When you’re in a small organisation you have to roll your sleeves up and be prepared to get your hands dirty. Need a website? You end up writing it yourself. Need code samples and scripting language wrapper? Write them yourself too. Need to launch a product? You end up writing a talk, getting yourself to an applicable conference, in this case State of the Map EU, and launch it yourself.
In the six months I spent at Lokku, Ed, myself and MTM brought an entire geocoding API from the roughest of concept notes to something that’s up and running and is, to paraphrase Aaron Straup Cope, a real thing and it’s a thing that I’m very proud of. I also became one of the select group known as the Lokku Alumni, and that meant I got another map to add to the collection.
My stint at Lokku ended in July of this year and overnight I transformed myself from being a resident geotechnologist to being an uncivil servant and taking on the role of Head of APIs for the oldest mapping agency in the world, the UK’s Ordnance Survey. In doing so, I also struck out into the murky waters of consulting and, together with Alison, founded Malstow Geospatial. The story of how Malstow got its name is the subject for another blog post entirely.
So for now, I’ve swapped getting on a plane to Berlin on a weekly basis and taking the train and Tube to Clerkenwell on a daily basis and instead joined the daily diaspora out of London and down the Southampton, where the Ministry of Maps makes its home.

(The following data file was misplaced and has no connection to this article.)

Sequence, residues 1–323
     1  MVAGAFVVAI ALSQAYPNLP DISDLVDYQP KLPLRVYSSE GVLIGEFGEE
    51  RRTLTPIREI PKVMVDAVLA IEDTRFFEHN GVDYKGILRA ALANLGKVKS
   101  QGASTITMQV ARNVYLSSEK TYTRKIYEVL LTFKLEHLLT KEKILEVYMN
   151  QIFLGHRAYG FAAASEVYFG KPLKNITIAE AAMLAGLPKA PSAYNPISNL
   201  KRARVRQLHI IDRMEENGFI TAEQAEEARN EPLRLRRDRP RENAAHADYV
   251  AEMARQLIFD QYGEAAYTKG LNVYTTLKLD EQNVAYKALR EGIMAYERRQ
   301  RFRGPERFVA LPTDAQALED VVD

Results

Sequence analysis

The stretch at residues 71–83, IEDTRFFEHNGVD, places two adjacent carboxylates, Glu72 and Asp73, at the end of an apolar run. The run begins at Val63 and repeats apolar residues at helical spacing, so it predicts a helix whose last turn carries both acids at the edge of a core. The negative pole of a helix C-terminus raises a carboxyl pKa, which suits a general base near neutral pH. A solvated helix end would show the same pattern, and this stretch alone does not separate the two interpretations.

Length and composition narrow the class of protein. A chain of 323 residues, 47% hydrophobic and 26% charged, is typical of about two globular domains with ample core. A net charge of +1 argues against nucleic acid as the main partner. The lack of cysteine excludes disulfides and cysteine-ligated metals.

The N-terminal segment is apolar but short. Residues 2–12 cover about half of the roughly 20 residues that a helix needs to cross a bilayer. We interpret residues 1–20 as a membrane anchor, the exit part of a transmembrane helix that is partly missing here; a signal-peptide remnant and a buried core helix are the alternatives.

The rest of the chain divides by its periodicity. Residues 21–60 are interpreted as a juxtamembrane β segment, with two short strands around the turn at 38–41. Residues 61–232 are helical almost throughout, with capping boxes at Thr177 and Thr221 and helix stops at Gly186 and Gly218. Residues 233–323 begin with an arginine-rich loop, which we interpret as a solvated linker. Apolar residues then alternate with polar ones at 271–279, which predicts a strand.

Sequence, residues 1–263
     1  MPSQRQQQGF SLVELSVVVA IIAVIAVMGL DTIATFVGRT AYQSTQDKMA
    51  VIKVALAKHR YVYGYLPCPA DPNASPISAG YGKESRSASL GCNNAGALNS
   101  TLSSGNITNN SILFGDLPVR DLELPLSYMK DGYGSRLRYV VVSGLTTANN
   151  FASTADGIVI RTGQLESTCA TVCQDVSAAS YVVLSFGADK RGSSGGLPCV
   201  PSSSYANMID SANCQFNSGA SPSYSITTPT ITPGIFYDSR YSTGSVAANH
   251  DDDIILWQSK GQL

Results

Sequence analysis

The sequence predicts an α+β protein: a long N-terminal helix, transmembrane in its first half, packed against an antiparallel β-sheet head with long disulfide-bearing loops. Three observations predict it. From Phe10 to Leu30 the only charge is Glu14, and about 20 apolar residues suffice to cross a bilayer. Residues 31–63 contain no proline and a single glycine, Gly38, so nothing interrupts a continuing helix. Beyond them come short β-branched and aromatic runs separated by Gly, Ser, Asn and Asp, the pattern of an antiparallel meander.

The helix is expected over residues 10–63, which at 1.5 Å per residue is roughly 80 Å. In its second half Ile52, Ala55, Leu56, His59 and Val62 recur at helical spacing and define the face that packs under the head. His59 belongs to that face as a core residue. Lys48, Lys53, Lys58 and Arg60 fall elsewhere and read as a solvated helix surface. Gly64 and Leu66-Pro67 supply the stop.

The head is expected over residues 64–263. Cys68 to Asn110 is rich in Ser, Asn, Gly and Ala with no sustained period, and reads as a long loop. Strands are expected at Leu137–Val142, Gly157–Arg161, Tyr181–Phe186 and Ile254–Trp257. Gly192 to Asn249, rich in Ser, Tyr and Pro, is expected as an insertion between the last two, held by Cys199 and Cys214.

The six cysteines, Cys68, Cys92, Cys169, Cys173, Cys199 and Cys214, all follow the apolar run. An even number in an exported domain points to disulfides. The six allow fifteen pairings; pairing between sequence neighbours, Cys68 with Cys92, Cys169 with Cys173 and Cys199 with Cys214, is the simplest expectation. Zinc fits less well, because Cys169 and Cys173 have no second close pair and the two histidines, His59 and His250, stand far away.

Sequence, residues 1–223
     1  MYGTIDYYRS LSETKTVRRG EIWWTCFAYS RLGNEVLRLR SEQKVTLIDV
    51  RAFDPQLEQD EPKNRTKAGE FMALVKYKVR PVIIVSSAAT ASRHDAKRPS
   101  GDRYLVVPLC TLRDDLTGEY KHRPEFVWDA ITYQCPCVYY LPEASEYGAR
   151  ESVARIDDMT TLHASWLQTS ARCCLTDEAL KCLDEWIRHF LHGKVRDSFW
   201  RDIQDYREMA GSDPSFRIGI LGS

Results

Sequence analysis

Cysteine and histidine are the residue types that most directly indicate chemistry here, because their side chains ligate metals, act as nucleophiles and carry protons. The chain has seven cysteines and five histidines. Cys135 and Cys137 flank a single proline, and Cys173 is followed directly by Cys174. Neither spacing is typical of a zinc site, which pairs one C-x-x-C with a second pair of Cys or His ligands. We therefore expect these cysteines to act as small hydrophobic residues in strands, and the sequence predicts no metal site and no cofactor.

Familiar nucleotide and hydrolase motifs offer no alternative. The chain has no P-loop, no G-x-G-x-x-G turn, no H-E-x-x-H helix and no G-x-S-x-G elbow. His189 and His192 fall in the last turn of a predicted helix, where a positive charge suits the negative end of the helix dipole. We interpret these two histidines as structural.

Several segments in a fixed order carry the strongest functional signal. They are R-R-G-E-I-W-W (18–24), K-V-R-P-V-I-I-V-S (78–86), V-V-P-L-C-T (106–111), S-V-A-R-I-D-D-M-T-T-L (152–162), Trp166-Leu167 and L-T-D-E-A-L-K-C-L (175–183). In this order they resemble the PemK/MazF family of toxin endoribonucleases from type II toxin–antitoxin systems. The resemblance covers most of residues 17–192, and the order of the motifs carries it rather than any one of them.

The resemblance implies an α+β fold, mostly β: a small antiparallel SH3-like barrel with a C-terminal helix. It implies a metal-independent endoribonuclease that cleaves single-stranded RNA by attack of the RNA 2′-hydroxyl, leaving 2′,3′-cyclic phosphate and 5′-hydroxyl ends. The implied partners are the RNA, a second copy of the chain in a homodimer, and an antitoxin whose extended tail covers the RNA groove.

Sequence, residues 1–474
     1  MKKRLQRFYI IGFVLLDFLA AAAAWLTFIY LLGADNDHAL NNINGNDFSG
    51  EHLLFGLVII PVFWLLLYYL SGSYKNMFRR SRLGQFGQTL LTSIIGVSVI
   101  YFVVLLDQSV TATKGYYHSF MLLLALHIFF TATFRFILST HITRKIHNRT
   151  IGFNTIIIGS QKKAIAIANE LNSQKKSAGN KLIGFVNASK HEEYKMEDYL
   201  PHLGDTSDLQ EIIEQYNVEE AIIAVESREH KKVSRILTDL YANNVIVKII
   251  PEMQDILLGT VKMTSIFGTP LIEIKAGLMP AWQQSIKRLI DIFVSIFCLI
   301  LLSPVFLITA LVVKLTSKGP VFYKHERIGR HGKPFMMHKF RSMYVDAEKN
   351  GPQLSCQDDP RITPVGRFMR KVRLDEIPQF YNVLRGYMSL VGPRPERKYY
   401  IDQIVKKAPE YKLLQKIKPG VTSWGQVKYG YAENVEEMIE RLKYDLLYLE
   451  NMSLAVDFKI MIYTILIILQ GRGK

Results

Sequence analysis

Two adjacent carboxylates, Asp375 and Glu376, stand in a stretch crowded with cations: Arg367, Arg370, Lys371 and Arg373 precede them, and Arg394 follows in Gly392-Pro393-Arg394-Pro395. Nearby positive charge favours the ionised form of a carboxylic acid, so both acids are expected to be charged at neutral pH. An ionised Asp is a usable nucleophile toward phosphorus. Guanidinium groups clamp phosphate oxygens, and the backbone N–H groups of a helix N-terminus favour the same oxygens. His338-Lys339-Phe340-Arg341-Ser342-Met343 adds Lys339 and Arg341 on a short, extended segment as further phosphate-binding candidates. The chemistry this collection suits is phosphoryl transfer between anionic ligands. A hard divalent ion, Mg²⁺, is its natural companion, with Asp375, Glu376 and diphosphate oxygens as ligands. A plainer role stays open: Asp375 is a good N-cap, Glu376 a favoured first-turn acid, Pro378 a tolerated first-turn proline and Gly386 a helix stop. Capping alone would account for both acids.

I’ve spent the last 4 months working out best how to bring the Ordnance Survey’s maps to the internet and the internet to the OS. Much is happening and I’ve found myself an amazing team of geotechnologists and cartographers. As soon as there’s something to show for our endeavours, you’ll probably read about it here first.
“Who knows where 2014 will take me?” It’s been one heck of a ride and a whole lot of fun and hard work combined. Now let’s see what happens in 2015 …
Not all Geographic Information conferences are created equal. A great proof point for this is IRLOGI, the Irish Association for Geographic Information. Today I’ve been in Dublin at their annual GIS Ireland 2014 conference, which is in its 19th year. I’d been invited to give one of the opening keynotes; who could resist such an invitation?
Held in the hidden conference centre that nestles unassumingly under the Chartered Accountants of Ireland’s offices, GIS Ireland ticked all the boxes. The conference team had obviously worked hard to ensure that there was a wide range of topics being discussed and managed to avoid the “same people, same talks, same topics” trap that some conferences fall into. The coffee was hot and plentiful and the wifi (almost) stayed up and running all the time.